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Angels Debut Comedy Show

Baseball: Mental lapses and poor pitching lead to an embarrassing 10-1 loss to the Blue Jays.

April 28, 1999|MIKE DiGIOVANNA | TIMES STAFF WRITER

Whatever momentum and positive vibes the Angels generated in Monday night's emotional victory over Toronto wore off in about 1.7 seconds Tuesday night.

Shannon Stewart opened the first inning with a single off Angel starter Omar Olivares, and from there the game deteriorated quicker than decorum on a "Jerry Springer Show" set. The Angels crumbled amid a blur of mental lapses and errors.

The Blue Jays won, 10-1, before an Edison Field crowd of 17,899 that witnessed the Angels' most unsightly game of the season, even uglier than Saturday's error-filled loss in Kansas City.

For much of last week, the Angels were the Tin Man from "The Wizard of Oz"--Darin Erstad said they weren't playing with much heart during a 1-4 trip through Toronto and Kansas City. Tuesday night the Angels looked like the Scarecrow--they didn't have a brain.

They sleepwalked through the first inning, gift-wrapping the Blue Jays' four-run rally with two mental errors. They gave up their third home run to Toronto's No. 9 hitter--Pat Kelly--in a week in the fourth. An absent-minded play by third baseman Troy Glaus, who essentially escorted Shawn Green to the plate during a rundown, led to another run in the fifth.

"You could say a lot about this game, but nothing you guys could print," right fielder Tim Salmon said. "It was a bad game. No intensity, nothing. We couldn't field it, hit it or pitch it. Every aspect of our game wasn't there tonight, and it was pretty embarrassing."

What disgusted the Angels most was the way they folded after the first, barely providing any resistance to Toronto starter Pat Hentgen, who was hit hard by the Angels on Thursday but gave up three measly singles and no runs in seven innings Tuesday night.

This, after all, was a team that has already come from behind to win four games and prides itself on a never-say-die attitude.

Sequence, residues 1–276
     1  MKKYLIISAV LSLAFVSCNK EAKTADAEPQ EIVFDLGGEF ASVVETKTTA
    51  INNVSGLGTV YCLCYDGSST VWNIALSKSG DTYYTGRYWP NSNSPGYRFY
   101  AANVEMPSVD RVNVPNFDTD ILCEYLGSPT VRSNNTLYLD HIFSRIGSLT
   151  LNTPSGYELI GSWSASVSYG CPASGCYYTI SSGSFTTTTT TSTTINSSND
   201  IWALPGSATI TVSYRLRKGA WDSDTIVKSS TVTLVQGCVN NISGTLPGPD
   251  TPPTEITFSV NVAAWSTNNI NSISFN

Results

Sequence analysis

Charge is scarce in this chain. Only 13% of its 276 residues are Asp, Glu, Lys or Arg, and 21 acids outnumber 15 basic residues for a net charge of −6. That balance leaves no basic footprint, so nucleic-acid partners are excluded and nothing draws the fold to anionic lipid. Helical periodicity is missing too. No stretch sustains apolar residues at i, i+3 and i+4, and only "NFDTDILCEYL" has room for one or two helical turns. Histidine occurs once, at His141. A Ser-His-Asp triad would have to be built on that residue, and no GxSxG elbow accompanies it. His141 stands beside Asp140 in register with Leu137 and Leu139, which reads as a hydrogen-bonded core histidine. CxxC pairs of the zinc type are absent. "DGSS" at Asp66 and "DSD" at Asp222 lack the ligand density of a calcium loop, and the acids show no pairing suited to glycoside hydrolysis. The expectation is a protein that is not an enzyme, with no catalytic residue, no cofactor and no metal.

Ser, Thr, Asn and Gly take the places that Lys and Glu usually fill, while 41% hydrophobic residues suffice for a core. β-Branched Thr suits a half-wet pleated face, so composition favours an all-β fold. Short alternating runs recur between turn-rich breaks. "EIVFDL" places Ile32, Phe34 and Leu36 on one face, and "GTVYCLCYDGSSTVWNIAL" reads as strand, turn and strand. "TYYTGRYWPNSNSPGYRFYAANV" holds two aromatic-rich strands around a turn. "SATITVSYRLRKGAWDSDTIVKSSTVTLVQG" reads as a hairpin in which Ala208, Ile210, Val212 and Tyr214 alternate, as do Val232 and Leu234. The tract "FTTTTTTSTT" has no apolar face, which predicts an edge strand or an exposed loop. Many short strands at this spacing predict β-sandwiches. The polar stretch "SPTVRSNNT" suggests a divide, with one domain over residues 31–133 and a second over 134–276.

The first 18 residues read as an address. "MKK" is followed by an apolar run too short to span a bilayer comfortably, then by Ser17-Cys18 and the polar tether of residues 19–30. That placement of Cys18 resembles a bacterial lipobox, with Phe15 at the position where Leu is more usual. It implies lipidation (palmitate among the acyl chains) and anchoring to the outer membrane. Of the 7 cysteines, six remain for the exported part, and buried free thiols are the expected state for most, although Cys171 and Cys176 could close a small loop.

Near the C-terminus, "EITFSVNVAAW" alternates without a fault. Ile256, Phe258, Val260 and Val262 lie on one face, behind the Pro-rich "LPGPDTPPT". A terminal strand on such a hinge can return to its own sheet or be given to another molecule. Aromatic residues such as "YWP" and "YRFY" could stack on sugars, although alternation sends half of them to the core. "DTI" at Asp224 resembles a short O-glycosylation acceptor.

"You've got to come out with intensity," Salmon said. "They're a good team, but when you're down by four, you've got to battle. We've been getting beat, but we haven't fallen apart. Let's hope that was the first and last time this happens, because that's not us. That's not the character of this team."

No one flung any chairs afterward. There was no screaming matches, no closed-door meeting.

"They're professionals, they know how bad they were, so there's no need to say anything," Manager Terry Collins said. "We stunk. There's no other way to put it. [Tonight] we will come back and play better, because if we don't, we will find someone who will."

The first inning set the tone when Olivares, the team's best pitcher up to this point, gave up as many runs in one inning as he did in his previous three starts combined.

Green hit a two-out single, stole second, and Carlos Delgado walked. Olivares did such a poor job holding the runners that Green and Delgado pulled off a double steal without drawing a throw from catcher Matt Walbeck.

Tony Fernandez dumped a broken-bat, two-run single into right and caught shortstop Andy Sheets and second baseman Randy Velarde off-guard with a delayed steal, cruising into second after Walbeck's throw to the mound.

Olivares, however, threw the ball into center field, allowing Fernandez to take third. After Willie Greene's walk, Darrin Fletcher lofted a two-run double to the gap in left-center, Fernandez jogging home and Greene beating Sheets' relay to the plate.

Kelly's two-run homer made the score 6-0 in the fourth, and the Blue Jays added another run in the fifth when Glaus ran Green all the way from third to the plate in a rundown without throwing to Walbeck.

Olivares, who entered with a 1.77 earned-run average, left with a 3.70 ERA and a 0-5 mark against Toronto. Asked what impostor invaded his body Tuesday night, Olivares said, "I don't know, I should hire an exorcist and find out."

Collins may want one for the rest of Angels as well.

"We need to pick up the intensity level," Collins said, "and I'm absolutely certain it will change [tonight]."

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